Small steps, giant leaps
If I recall right, it was toward noon of a Monday. Teachers had cancelled their classes, there was nothing they could teach that held the weight of what all of humanity could watch on the small screen. That was the first time man would ever set foot on the moon.
To this day, I recall that scene in black-and-white. That was because the TV screens at the time were so, generally of sizes that were smaller than today’s LCD PC monitors. I watched it at a neighbor’s house, we had no TV then, and waited along with a crowd—the entire neighborhood had come to watch—for Neil Armstrong to step out of the capsule and hop on to the ground. When he did, none of us greeted it with cheers and applause. We greeted it with awed silence, not unlike the way we did the consecration at Mass. It was at once something so near and so distant, so real and so phantasmagoric, so familiar and so alien. It was only when Neil Armstrong spoke, his voice a mere crackle on the audio, that we broke into cheers.
We could barely make out what he said. As we would learn later, that was, “One small step for man, one giant leap for mankind,” as sublimely eloquent a line as you could get. Which it was: A small step for humans, a giant leap for humankind.
Life Magazine carried a story of the landing and pictures of Armstrong bouncing on the very dead Sea of Tranquility, which have since become iconic. Inside looking out, Armstrong himself would look back on earth and see it not unlike the way we see a quarter moon, except that it was blue instead of yellow, instead that it looked lush instead of barren. He too was awed to silence by the sight, at once so near and so distant, so real and so phantasmagoric, so familiar and so alien.
He would say later that the experience of looking at the earth from the moon was a profoundly religious one. You could not see the earth from the moon without being dumbfounded by the vastness of the cosmos, by the majesty and mystery of the universe. You could not see the earth from the vantage point of the moon without feeling the presence of the transcendent or unfathomable, if not the divine. You felt at once both proud and humbled. You felt at once both triumphant and insignificant.
Today, 43 years after the event, the moon landing remains the awe-inspiring thing it was then. But with a difference. That difference is not that “earthlings,” as the science fiction movies of the 1950s put it, have gone to the moon several times and even landed a spacecraft in Mars, which has somewhat muted that accomplishment. It is that with it now goes the recollection as well of what was happening at the time back on earth. From the moon, the earth might have looked like a quiet and serene place, a thing full of promise and contentment, a paradise floating in the vastness and aridity of space. But it was nothing of the kind right inside it.
At the time Armstrong landed on the moon, the country that sent him there had also been sending tens of thousands of Vietnamese screaming into the afterlife. The screaming is literal: That was what the children, whose flesh was ripped off their bodies by napalm, were doing as they died. More than a million Vietnamese survivors today are severely handicapped or suffer from various diseases from it. I just visited the Cu Chi tunnels in Ho Chi Minh City last weekend—it was through them that the Viet Cong escaped the carpet bombing of the area and brought the war to the invaders—and thought it was a testament to the indomitability of the human spirit. One small step for the Vietnamese, one giant leap for freedom.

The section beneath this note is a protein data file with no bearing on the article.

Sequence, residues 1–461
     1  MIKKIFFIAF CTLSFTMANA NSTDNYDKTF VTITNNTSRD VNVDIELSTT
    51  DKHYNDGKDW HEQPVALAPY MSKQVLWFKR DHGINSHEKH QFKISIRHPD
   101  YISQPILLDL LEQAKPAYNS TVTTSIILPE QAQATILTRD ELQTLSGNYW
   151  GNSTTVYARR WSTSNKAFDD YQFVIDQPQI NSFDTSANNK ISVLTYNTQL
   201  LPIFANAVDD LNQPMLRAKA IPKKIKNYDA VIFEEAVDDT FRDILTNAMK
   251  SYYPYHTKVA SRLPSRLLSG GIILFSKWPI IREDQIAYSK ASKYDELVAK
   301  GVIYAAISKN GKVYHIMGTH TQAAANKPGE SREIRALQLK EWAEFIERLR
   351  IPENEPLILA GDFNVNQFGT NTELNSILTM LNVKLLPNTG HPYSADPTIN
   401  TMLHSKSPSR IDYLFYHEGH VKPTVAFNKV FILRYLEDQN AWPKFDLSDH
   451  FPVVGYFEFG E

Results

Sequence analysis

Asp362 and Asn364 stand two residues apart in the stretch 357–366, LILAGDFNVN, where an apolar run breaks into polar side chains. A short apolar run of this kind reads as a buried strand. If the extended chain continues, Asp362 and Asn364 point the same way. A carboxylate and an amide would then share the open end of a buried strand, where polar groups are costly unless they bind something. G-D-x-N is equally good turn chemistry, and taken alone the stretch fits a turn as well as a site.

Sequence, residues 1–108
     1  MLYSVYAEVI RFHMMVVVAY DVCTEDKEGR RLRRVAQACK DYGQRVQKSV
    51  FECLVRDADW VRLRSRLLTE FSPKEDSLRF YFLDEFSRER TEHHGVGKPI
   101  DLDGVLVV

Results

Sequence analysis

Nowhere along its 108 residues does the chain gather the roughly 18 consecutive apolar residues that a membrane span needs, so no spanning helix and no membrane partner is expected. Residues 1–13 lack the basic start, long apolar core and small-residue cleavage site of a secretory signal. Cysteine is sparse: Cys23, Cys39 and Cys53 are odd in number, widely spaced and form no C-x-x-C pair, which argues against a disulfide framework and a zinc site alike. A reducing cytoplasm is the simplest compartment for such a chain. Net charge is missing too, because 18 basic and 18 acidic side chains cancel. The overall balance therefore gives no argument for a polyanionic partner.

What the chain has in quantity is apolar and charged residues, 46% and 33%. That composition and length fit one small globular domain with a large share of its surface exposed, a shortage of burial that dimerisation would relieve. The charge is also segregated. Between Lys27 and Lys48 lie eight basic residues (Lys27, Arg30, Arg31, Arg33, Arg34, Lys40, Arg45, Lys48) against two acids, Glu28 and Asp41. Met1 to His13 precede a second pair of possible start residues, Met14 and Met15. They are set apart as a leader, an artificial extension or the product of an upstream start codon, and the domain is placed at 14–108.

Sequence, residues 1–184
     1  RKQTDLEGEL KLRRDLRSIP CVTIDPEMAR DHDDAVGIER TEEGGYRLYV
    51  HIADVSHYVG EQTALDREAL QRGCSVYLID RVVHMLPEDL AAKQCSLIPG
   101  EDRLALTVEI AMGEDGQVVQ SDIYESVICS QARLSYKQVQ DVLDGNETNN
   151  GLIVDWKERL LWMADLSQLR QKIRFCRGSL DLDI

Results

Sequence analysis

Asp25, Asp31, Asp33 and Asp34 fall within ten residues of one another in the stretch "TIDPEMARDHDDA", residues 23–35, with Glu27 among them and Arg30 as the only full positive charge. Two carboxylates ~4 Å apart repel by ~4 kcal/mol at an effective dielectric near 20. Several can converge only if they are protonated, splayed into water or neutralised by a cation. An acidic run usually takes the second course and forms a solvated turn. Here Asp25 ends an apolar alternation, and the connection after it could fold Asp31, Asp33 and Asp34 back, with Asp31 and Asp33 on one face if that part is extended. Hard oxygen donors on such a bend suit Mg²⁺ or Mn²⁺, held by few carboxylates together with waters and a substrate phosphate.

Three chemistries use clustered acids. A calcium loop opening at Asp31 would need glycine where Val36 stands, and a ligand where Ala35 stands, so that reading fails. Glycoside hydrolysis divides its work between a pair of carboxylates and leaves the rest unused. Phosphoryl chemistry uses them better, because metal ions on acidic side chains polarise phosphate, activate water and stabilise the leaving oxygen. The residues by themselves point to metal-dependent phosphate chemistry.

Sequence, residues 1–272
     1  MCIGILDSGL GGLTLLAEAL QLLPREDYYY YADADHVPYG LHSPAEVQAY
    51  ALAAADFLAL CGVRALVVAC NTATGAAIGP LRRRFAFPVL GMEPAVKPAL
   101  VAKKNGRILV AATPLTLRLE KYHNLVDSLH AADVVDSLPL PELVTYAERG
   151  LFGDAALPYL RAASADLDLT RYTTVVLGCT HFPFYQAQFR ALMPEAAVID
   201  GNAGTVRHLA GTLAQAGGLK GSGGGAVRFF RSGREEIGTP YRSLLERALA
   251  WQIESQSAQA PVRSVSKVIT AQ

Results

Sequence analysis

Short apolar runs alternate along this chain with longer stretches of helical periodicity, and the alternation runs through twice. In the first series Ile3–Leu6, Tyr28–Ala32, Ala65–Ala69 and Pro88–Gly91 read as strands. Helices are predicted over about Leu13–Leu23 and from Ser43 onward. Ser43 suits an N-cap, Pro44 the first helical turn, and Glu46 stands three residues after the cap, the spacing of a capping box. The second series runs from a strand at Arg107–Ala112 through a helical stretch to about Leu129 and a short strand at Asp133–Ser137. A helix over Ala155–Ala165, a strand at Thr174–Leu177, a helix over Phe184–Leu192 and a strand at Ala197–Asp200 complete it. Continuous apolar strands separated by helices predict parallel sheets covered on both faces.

At the time Armstrong landed on the moon, Mother Teresa had just gone international, putting up hospices, orphanages and relief centers outside of India in other parts of Asia, Africa and Latin America. The depth of worldwide poverty and misery alongside the height of avarice and greed astonished her, and she was determined to do her bit for God and man. I thought it was a testament to the capacity of humankind to transcend itself. One small step for caring, one giant leap for compassion.
At the time Armstrong landed on the moon, a man named Martin Luther King had been struck down by an assassin’s bullet the year before as he stood on a hotel balcony. Which led to a frenzy of rioting by grieving and aggrieved African-Americans, though that term did not exist then. The year previously, Muhammad Ali had been stripped of his title for refusing to fight in a war against a people that he said never did him any harm. I thought it was a testament to the human capacity to endure and prevail. One small step for emancipation, one giant leap for impossible dreams.
Last week, I watched the news on Al Jazeera, BBC and CNN, and saw the photographs of Mars sent home by space explorer Curiosity. Alongside it was news of the violence in Syria having spread to Lebanon, one footage showing young men in a debris-strewn town firing at a nearby building with assault rifles. Alongside it was news about Iranian officials scoffing at retaliatory action against them if they should pursue their uranium-enrichment program. Alongside it was news about the American Tea Party vowing to restore their country’s strength which the liberals, also called communists, in their midst had destroyed.
I remembered again Cat Stevens’ song, which began, “Well I think it’s fine, building jumbo planes/ Or taking a ride on a cosmic train/ Switch on summer from a slot machine…./I know we’ve come a long way,/ We’re changing day to day,/ But tell me, where do the children play?” It’s a wonderfully poetic way of saying: We’re conquering outer space.
When will we begin to conquer the inner one?
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